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Leanne Howe

Blurred image of the arch used as background for stylistic purposes.
Director of INAS, Eidson Distinguished Professor in American Literature

LeAnne Howe, Eidson Distinguished Professor at the University of Georgia, connects literature, Indigenous knowledge, Native histories, and expressive cultures in her work. Her interests include Native and indigenous literatures, performance studies, film, and Indigeneity. Professor Howe (Choctaw) is the recipient of a United States Artists (USA) Ford Fellow, Lifetime Achievement Award by the Native Writers’ Circle of the Americas, American Book Award, Oklahoma Book Award, and she was a Fulbright Distinguished Scholar to Jordan.  Recently in October 2015, Howe received the Distinguished Achievement Award from the Western Literature Association, (WLA); and in 2014 she received the Modern Languages Association inaugural Prize for Studies in Native American Literatures, Cultures, and Languages for Choctalking on Other Realities. She received an MFA from Vermont College of Norwich University, (2000) and shares a Native and Indigenous Studies Association (NAISA) award for literary criticism with eleven other scholars for Reasoning Together: The Native Critics Collective, named one of the ten most influential books of the first decade of the twenty-first century for indigenous scholarship, 2011. She’s lectured nationally and internationally giving the Richard Hoggart Series lecture at Goldsmiths, University of London, UK, 2011, and the Keynes Lecture at the University of Kent, Canterbury, UK, 2013, among others. In 1993 she lectured throughout Japan as an American Indian representative during the United Nations “International Year of Indigenous People.”

Research Areas:
Selected Publications:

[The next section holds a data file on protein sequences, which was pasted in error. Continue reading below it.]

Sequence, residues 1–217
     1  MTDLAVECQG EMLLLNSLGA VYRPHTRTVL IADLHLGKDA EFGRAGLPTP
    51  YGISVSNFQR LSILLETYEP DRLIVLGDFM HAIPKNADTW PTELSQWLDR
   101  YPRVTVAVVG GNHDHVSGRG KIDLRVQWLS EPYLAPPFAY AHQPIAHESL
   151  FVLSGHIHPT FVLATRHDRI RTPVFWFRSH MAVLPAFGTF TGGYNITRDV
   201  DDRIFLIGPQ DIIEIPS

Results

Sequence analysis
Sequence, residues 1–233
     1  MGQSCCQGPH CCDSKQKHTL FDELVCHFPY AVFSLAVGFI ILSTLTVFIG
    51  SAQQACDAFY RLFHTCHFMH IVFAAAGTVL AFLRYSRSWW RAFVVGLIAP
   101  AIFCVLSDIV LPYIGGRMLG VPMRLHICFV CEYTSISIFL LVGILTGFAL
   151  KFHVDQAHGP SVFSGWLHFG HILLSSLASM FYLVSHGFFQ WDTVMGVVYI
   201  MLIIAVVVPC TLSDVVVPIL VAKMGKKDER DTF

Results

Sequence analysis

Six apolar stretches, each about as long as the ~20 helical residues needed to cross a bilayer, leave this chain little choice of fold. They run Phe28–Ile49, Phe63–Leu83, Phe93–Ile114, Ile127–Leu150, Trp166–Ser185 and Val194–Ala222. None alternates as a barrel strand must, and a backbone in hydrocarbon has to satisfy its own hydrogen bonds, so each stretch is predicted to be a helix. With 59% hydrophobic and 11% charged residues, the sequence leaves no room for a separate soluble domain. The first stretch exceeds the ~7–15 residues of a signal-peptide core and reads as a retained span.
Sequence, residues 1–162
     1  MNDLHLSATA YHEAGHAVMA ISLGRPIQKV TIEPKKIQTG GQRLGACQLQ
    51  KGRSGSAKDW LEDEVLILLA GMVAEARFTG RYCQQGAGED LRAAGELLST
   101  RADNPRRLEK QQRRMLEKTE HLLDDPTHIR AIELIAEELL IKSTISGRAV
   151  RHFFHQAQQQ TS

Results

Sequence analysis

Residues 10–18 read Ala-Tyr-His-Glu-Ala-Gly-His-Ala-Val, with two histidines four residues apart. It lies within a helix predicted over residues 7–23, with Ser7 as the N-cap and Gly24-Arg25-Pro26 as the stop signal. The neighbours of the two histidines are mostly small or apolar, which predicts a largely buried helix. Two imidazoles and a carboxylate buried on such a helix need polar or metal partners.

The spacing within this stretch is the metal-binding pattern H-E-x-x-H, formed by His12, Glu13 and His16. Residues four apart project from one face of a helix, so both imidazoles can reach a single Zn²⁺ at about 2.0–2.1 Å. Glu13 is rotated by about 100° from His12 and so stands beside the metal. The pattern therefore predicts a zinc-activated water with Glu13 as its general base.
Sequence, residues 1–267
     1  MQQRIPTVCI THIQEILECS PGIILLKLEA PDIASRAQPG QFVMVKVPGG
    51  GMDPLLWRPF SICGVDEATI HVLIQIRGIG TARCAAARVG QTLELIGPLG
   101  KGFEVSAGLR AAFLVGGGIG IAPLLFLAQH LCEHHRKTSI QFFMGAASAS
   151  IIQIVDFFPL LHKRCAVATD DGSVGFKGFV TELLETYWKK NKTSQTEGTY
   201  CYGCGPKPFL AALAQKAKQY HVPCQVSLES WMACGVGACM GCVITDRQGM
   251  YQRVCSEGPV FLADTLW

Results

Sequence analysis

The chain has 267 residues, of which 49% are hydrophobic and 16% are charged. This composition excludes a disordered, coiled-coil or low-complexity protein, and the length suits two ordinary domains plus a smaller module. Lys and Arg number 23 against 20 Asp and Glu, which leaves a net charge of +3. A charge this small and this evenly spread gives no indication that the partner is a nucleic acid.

Shell Shaker, 2001 

Evidence of Red, 2005 

Miko Kings: An Indian Baseball Story, 2007 

Choctalking on Other Realities, 2013 

Co-editor with Harvey Markowitz, and Denise K. Cummings titled, Seeing Red, Pixeled Skins: American Indians and Film, 2013

 Howe’s most recent essay appears in a special issue of Studies of American Indian Literature, SAIL, Vol. 26, Number 2, Summer 2014, an exploration by scholars on her literary concept of Tribalography.

Currently, she’s at work on a new play and books of poems, Savage Conversations about Mary Todd Lincoln and a Savage Indian she said tortured her each night in an insane asylum, Batavia, Illinois in the summer of 1875. 

Events featuring Leanne Howe
Zoom

Thursday October 14, The Homeland Returns project of Jim Wilson and Ervan Garrison will host “Making the PBS documentary, Searching for Sequoyah, and what Sequoyah means to the world today.” University of Oklahoma Professor Joshua Nelson and University of Georgia Professor LeAnne Howe present a Zoom webinar about how Sequoyah’s life of…

On PBS

American Public Television (APT) will distribute the 56-minute documentary film Searching for Sequoyah which will premiere nationally on PBS stations in November, 2021. Searching for Sequoyah was produced by Canadian Ojibway filmmaker James M. Fortier and Choctaw Nation author/filmmaker LeAnne Howe. Howe was also the lead writer with assistance…

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